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Monday, June 11, 2007

Anniversary Archives - - June 11, 2003

OK, time for the next installment of my '03 road trip with son Jonathan.

Before inserting the re-publish, however, I have to add my two cents about last night's ending of The Sopranos. Opinions are all over the lot--which is probably just as David Chase intended it. Once again, he proved himself to be the master of multi-texturism.

David Weinberger asks: "Am I the only person who liked it?" Definitely not, David. I thought it was ingenious. I'll leave it to critics Tim Goodman and Alessandra Stanley to convey what I felt. I'm in complete synch with their observations, and I heartily recommend reading them.

Now, let's get back on the road, four years ago:

The Fat of the Land


Before setting out across six hundred miles of tedious prairie, Jon and I decided to settle in for the night in the old meatpacking town of Austin, Minn—the birthplace of the real Spam, the home of Hormel and one of the bitterest, most notorious strikes in American history.

Next morning, over a truly crappy breakfast in a restaurant in which we were the only non-obese people in the entire place, we realized that, not only did we have hours and hours of boring, treeless, windswept landscape ahead of us, we were also not likely to see a good meal again until we crossed into California (with the exception of Jackson Hole about which more later). Nor were we likely to see many bodies of normal size.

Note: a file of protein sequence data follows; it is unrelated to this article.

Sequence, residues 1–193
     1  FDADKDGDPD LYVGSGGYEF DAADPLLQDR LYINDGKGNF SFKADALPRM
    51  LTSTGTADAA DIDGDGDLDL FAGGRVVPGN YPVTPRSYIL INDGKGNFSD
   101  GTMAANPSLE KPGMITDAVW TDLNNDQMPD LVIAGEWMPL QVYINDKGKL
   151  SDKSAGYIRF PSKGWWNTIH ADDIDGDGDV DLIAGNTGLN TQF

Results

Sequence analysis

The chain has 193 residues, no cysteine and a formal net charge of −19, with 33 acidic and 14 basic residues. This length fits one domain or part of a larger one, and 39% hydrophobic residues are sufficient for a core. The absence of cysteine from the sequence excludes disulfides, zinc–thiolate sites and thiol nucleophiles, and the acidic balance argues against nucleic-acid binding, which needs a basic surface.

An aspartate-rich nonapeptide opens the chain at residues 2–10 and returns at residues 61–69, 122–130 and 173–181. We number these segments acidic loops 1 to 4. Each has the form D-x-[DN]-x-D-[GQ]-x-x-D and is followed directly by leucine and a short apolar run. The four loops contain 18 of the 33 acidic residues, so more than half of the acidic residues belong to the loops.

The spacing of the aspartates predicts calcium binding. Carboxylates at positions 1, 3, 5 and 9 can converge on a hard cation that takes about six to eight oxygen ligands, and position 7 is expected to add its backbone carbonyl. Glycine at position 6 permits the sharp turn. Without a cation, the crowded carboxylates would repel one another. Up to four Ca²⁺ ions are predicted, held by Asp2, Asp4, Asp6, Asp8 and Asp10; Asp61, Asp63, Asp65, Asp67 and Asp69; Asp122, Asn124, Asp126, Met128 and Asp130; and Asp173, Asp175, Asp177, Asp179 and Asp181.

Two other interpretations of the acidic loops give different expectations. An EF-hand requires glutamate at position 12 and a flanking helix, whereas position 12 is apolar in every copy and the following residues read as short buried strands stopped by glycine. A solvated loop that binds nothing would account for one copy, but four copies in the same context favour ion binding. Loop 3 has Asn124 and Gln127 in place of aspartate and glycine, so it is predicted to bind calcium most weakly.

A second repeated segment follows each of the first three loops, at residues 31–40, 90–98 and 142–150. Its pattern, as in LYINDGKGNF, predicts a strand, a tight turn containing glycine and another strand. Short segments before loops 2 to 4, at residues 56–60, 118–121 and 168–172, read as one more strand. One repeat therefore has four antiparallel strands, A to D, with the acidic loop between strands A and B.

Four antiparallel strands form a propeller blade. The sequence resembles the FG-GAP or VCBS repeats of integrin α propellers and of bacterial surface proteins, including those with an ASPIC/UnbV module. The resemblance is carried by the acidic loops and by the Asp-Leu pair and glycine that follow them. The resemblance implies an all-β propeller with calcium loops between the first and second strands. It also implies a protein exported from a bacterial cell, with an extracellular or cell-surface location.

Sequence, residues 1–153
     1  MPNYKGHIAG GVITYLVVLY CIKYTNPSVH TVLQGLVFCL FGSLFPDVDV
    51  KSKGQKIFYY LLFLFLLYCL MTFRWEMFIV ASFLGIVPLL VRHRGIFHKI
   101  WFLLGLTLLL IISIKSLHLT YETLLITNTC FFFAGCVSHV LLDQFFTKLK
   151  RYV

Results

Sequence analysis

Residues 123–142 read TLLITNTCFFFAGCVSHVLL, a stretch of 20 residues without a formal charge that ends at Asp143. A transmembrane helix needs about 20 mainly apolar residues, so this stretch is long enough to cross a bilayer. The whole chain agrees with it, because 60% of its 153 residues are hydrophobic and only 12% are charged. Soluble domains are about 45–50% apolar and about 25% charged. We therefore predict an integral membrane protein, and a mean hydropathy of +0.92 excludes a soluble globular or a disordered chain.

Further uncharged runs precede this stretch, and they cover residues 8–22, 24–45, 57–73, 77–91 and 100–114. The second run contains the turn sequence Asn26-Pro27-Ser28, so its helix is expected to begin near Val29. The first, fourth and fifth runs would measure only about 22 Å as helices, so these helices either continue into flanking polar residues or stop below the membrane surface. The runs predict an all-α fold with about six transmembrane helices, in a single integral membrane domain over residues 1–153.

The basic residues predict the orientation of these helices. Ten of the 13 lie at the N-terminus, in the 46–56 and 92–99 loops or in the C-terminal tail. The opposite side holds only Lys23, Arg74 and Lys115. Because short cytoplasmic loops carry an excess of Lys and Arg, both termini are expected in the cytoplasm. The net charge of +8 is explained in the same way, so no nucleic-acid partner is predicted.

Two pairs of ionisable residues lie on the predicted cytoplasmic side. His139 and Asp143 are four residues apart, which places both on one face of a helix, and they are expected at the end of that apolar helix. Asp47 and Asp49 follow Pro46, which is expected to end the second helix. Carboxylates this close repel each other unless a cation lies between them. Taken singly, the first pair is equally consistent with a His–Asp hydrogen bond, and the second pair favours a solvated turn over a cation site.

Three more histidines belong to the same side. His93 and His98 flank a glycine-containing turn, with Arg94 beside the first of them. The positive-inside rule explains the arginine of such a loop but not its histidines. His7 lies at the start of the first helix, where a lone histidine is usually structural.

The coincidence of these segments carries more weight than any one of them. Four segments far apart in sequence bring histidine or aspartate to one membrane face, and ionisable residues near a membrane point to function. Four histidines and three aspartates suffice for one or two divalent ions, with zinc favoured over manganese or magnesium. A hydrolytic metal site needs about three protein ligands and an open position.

Each time I find myself back in the heartland, it seems to get worse. The food seems to get more and more tasteless and toxic, and the inhabitants more and more rotund. How can the food be so bad—and so bad for you, I wonder, in the middle of one of the richest agricultural areas in the world?

It is said that the reason France has the best cuisine in the world is because the country is blessed with prime agricultural riches. Why doesn’t the same logic hold true here? Why is the food so unappealing, so unhealthy, so fat-producing?

Not trusting the accuracy of my memory, I double-checked with someone of my own age. “When we were kids,” I inquired, “weren’t the folks from the farmlands the ones who were hearty and lean? Wasn’t the food fresh and wonderful? Or am I just fantasizing?”

“No, no,” he replied. “Your memory is just fine. That’s exactly how it used to be.”

The culprit, obviously, is the corporatization of agriculture, food processing, and food service, plus the inability of today’s families to find the time to prepare good meals and sit down together for a healthy meal. Yes, the same time constraints exist in the large cities of the two coasts, but people have the discretionary income—plus the influence of foreign cultures—to buy and demand good food in their groceries and restaurants. Most of today’s farm families have to have a job in town to make ends meet. They may be growing food for others, but they only have the time and money for fast food crapola.

Each time we stopped somewhere during our prairie crossing, it made me sad to look at the people and recall the way they used to look out here when I was a lad. The richest country in the world, and our people are going to pot physically.

I needed to get my mind off of this sadness. Fortunately, as the sun drooped closer to the western horizon, the welcome sight of hills began to appear. We were getting near prairie’s end and close to a complete change of scenery—the gorgeous Black Hills.

The culture and appearance of the towns had changed from Midwestern to Western. We checked in for the night in Rapid City to rest up for the next morning’s jaunt into Mount Rushmore and a refreshing new landscape. The good food, however, would have to wait for a while longer …. (to be continued)

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